Corporate Insurance

Corporate Insurance

Corporate insurance provides businesses with protection against unforeseen circumstances to mitigate risk. Browse Investopedia’s expert-written library to learn more.

Corporate Insurance

Errors and omissions insurance E&O form.

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The biggest determinant of whether the current account is in a surplus or deficit is a country’s trade balance. During a strong economic expansion, import volumes typically surge and, if exports are unable to grow at the same rate, the current account will be in deficit. Conversely, during a recession, the current account will show a surplus if imports decline and exports increase to stronger economies. Exchange rates are another variable that can impact the current account.

Blanket honesty bonds, also known as commercial blanket bonds, protect employers from losses due to dishonest acts of employees. That makes it a type of employee dishonesty bond. The bond’s main benefit is that it prevents small companies from going bankrupt due to a single employee’s dishonesty.

A business can be forced to close in the wake of a natural disaster or other life-threatening event. Property insurance often covers lost income while a business is closed due to property damage, but doesn’t always contain provisions that protect a business that is unable to reopen after an evacuation. A civil authority clause in an insurance policy outlines whether or not lost income will be reimbursed when a government entity denies access to covered property.

As well as PR incidents—the arrest of a prominent board member—and international threats—customer data breaches or computer network invasions—crisis management coverage is also used to cover expenses related to restoring confidence in the security of the insured’s computer system in the event of a cybersecurity or data breach. It also covers reputational threats such as product contamination or recall, terrorism and political violence, natural disasters, workplace violence, and adverse media exposure.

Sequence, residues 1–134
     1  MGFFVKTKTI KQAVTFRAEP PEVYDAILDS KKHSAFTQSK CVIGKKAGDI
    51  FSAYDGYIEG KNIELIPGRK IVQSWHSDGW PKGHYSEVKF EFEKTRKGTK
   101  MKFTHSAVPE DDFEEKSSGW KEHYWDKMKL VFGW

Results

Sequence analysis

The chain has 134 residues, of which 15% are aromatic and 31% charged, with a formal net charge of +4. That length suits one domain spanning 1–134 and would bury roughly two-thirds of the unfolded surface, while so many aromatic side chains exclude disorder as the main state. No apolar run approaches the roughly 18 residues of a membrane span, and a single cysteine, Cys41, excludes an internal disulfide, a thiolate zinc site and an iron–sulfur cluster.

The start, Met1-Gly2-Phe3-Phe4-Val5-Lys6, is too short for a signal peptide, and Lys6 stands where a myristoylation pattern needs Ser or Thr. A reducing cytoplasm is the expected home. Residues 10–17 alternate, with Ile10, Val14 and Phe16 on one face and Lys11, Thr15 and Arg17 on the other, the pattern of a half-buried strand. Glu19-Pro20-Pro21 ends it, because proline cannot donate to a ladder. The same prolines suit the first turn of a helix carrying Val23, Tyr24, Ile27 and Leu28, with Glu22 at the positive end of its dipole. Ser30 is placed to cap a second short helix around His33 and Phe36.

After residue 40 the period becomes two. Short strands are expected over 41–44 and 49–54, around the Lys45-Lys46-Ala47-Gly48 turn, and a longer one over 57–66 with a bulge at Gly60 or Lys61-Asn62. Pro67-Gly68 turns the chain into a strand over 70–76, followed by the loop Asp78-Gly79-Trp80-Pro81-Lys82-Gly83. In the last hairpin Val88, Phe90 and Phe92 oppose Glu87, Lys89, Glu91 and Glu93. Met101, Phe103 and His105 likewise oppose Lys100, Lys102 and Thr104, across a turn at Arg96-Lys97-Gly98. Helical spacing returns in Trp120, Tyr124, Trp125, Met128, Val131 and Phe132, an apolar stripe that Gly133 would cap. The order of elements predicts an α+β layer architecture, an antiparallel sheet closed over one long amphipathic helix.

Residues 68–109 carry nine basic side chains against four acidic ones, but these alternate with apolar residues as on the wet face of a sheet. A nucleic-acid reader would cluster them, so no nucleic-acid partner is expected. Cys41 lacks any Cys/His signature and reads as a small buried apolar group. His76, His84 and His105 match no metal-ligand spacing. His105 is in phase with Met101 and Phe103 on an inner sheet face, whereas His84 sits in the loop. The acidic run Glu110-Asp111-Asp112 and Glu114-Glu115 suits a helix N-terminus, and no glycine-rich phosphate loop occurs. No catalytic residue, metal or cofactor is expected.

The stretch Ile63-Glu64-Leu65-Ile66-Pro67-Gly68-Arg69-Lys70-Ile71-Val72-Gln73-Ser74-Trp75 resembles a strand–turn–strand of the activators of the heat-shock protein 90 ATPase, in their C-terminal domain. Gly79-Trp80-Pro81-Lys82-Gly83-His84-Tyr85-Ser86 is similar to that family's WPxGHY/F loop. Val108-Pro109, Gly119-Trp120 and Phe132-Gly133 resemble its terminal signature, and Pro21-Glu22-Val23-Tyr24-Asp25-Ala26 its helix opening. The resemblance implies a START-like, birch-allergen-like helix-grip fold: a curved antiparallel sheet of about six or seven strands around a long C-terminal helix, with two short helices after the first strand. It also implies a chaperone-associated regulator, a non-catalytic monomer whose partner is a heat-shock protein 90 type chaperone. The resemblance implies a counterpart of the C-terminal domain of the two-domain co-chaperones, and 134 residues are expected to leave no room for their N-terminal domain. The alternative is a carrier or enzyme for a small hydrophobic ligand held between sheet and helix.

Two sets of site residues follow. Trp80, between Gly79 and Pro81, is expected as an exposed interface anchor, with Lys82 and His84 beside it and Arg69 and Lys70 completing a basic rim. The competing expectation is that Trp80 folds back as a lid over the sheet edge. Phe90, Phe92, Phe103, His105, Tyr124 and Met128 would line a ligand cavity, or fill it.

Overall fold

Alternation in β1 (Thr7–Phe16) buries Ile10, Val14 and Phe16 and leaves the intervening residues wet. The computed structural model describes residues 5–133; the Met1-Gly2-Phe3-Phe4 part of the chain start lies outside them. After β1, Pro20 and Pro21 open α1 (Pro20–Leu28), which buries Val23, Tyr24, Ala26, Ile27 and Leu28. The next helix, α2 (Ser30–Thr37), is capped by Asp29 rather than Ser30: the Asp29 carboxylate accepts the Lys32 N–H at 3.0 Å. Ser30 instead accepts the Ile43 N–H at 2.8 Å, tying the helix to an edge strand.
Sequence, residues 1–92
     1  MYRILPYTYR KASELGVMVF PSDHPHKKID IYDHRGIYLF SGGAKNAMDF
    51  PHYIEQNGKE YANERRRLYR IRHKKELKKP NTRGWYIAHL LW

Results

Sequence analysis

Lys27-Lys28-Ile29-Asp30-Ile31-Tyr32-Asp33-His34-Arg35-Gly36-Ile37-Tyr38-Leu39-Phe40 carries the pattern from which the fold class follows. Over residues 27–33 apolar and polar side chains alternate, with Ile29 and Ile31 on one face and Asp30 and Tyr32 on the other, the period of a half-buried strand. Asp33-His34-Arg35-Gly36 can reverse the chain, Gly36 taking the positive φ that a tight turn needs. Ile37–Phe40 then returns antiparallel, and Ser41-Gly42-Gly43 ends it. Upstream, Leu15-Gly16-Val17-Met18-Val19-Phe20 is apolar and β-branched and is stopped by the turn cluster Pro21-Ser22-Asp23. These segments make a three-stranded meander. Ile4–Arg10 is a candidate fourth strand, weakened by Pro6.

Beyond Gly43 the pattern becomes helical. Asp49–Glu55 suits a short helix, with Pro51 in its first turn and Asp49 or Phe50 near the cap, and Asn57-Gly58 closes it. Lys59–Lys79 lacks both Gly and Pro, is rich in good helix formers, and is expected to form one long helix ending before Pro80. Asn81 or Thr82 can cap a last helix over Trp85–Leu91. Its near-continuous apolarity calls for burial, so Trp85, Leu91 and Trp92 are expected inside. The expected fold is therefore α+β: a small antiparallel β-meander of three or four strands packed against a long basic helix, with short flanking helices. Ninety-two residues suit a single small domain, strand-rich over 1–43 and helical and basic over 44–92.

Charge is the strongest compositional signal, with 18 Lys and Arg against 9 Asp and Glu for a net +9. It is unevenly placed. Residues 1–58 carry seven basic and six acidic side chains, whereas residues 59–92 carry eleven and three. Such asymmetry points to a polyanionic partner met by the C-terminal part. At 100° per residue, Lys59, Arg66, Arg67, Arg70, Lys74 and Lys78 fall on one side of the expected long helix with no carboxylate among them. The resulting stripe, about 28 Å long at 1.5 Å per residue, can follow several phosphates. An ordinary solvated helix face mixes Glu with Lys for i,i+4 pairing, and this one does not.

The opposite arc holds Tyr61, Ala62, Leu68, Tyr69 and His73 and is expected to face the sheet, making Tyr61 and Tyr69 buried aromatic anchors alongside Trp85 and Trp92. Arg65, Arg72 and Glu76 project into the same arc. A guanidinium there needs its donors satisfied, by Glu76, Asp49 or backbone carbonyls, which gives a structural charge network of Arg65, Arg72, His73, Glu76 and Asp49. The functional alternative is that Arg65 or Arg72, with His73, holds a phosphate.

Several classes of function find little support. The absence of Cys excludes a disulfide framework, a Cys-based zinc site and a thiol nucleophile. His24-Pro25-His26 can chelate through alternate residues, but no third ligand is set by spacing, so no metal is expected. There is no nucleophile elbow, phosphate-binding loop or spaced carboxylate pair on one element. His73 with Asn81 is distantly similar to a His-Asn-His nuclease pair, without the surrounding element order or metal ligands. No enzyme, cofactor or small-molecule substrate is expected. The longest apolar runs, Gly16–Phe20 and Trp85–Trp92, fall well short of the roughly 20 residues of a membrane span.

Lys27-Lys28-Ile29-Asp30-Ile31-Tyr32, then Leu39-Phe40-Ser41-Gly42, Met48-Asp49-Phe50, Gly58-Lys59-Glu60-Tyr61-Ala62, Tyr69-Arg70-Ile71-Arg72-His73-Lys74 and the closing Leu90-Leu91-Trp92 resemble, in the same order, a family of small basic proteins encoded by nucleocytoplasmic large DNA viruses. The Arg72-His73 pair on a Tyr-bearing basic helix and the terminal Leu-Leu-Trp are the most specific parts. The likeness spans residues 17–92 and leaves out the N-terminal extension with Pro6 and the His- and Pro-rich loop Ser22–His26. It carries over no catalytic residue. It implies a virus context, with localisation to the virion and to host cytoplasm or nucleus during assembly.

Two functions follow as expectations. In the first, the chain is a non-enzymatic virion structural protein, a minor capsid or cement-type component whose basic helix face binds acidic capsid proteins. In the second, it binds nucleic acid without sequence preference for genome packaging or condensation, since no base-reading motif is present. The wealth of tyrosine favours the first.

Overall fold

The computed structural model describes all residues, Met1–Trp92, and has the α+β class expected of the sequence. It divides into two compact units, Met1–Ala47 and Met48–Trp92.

Properties covered by a business owner policy, or BOP, typically include buildings that are owned or rented; additions or additions in progress; and outdoor fixtures. The policy will also cover any business-owned items or any items owned by a third party but kept temporarily in the care, custody or control of the business or business owner. The business property must usually be stored or kept in qualifying proximity of business premises (such as within 100 feet of the premises).

Valuation reserves are calculated using an asset valuation reserve and an interest maintenance reserve to separate valuations in equity versus interest gains and losses. These reserves are mandatory under state law to protect against the natural fluctuations in the value of investments.

Account Current Underwriting Income Adjusted Net Worth Transfer of Risk Loss Cost Business Net Retention Wear and Tear Exclusion

The account current, which is necessary to reconcile the accounts between an insurer and an agent, is a summary statement of an individual insurance agent’s business over a specified period. Gross premiums, agency commissions, the net payable amount on the current statement, and payments made or received between each submittal of the accounting are among the items included on the account current.

Underwriting income—the profit generated by an insurance company—can indicate how much new business an insurance company is bringing in or how well its risk analysis process is in predicting the number of insurance claims needing to be paid out.

Adjusted net worth is calculated by estimating the value of the business on the company’s books and adding unrealized capital gains, capital surplus, and voluntary reserves. The calculation is a useful way to compare the company’s relative value to other insurance companies.

The basic business model of the insurance industry is the acceptance and management of risk. A transfer of risk shifts responsibility for losses from one party to another in return for payment. This system works because some risks are beyond the resources of most individuals and businesses.

Loss cost is the total amount of money an insurer must pay to cover claims, including costs to administer and investigate such claims. When determining what insurance premium to charge a policyholder, insurance companies factor in the loss cost.

Business net retention, which indicates a business’s ability to manage risk and remain profitable, is a measurement of a company’s growth and strength during a specific period. In insurance, it is the number of policies remaining after canceled, lapsed, or ceded insurance plans are deducted. The measure represents the company’s policy turnover, with only profitable policies kept for the long-term.

The list of exclusions in an insurance policy can be extensive. One such provision, the wear and tear exclusion, specifies that losses due to normal deterioration of the insured property are not covered.


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